research, worrying may have evolved along with high intelligence as a beneficial trait in humans.Worry too much? You might just be really smart. According to new
"While excessive worry is generally seen as a negative trait and high intelligence as a positive one, worry may cause our species to avoid dangerous situations, regardless of how remote a possibility they may be," says researcher Jeremy Coplan, professor of psychiatry at Brooklyn's SUNY Downstate Medical Center. "In essence, worry may make people 'take no chances,' and such people may have higher survival rates. Thus, like intelligence, worry may confer a benefit upon the species."
In a small study published in the journal Frontiers in Evolutionary Neuroscience, 26 patients suffering from generalized anxiety disorder, and 18 volunteers in good mental health were examined. High levels of worry among the anxiety-plagued patients were linked to greater intelligence.
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But, before chalking up all of your worries to your superior intellect, you should know that among the healthy people in the study's control group, the results were reversed. In this group, those who worried the most tended to have lower IQs.
So, according to this research, intelligence is high among the overly anxious, but lower among those who are just moderately anxious. In the past, researchers have explained that second link by theorizing that people with lower intelligence might be less successful and thus experience more worries in their lives.
But worry is almost always seen as a bad thing. These new findings, on the other hand, point out that maybe anxiety isn't merely a negative response, but could be a helpful trait.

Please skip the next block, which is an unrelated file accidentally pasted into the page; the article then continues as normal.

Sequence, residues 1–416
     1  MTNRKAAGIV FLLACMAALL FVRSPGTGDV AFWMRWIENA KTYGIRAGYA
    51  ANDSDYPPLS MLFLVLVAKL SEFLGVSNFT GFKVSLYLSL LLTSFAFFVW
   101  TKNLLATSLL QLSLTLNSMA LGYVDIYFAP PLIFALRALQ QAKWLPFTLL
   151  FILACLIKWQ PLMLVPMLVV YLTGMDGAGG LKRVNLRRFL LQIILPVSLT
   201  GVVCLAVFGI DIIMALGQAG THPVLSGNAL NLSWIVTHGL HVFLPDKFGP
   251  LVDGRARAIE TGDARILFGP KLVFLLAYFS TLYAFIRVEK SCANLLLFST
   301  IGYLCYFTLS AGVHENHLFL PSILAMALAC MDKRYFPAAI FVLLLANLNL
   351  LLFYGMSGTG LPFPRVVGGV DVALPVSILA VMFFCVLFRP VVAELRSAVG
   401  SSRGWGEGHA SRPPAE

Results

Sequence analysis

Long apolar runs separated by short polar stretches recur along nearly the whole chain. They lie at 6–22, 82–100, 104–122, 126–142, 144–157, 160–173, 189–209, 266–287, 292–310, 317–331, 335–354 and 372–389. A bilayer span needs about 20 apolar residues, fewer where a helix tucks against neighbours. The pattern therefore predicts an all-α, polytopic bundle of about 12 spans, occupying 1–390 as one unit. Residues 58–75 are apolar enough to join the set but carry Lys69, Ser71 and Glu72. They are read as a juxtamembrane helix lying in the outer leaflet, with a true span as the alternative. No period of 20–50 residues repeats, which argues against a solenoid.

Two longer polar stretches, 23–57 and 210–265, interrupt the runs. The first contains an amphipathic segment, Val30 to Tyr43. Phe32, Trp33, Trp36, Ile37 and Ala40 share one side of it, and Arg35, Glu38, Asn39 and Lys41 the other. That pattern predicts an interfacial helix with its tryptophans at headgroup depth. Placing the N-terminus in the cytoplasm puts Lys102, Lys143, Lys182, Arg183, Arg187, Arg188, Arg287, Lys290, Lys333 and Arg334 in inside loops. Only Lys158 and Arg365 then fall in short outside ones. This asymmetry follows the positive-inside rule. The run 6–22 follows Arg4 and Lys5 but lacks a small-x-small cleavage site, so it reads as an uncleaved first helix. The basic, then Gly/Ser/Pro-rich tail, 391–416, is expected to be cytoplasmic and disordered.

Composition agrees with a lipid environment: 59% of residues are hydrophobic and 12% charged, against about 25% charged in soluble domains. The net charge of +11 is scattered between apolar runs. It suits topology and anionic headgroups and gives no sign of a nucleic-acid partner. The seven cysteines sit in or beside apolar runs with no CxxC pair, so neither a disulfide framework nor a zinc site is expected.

"If high anxiety is maladaptive," the researchers write, "then it should not correlate positively with intelligence, the most adaptive trait for humans."
Besides measuring their subjects IQ levels, and collecting their responses to the Penn State Worry Questionnaire, the scientists also took scans of their brains (using proton magnetic resonance spectroscopic imaging, or H-MRSI). They found that high intelligence and worry were both tied to a reduction in the nutrient choline in the brain's subcortical white matter.
"One region of the brain — the white matter — that has contributed to the evolutionary success of humans, may also be implicated in anxiety disorders," they write in the study.
If this new association with high intelligence isn't enough to calm the nerves of those overly anxious types out there — maybe the link discovered between anxiety and a heightened sense of smell will do the trick?
If it doesn't help you become a neurosurgeon, your anxiety might just help you to pick out the best-smelling match at one of those pheromone parties for singles that have been cropping up recently.
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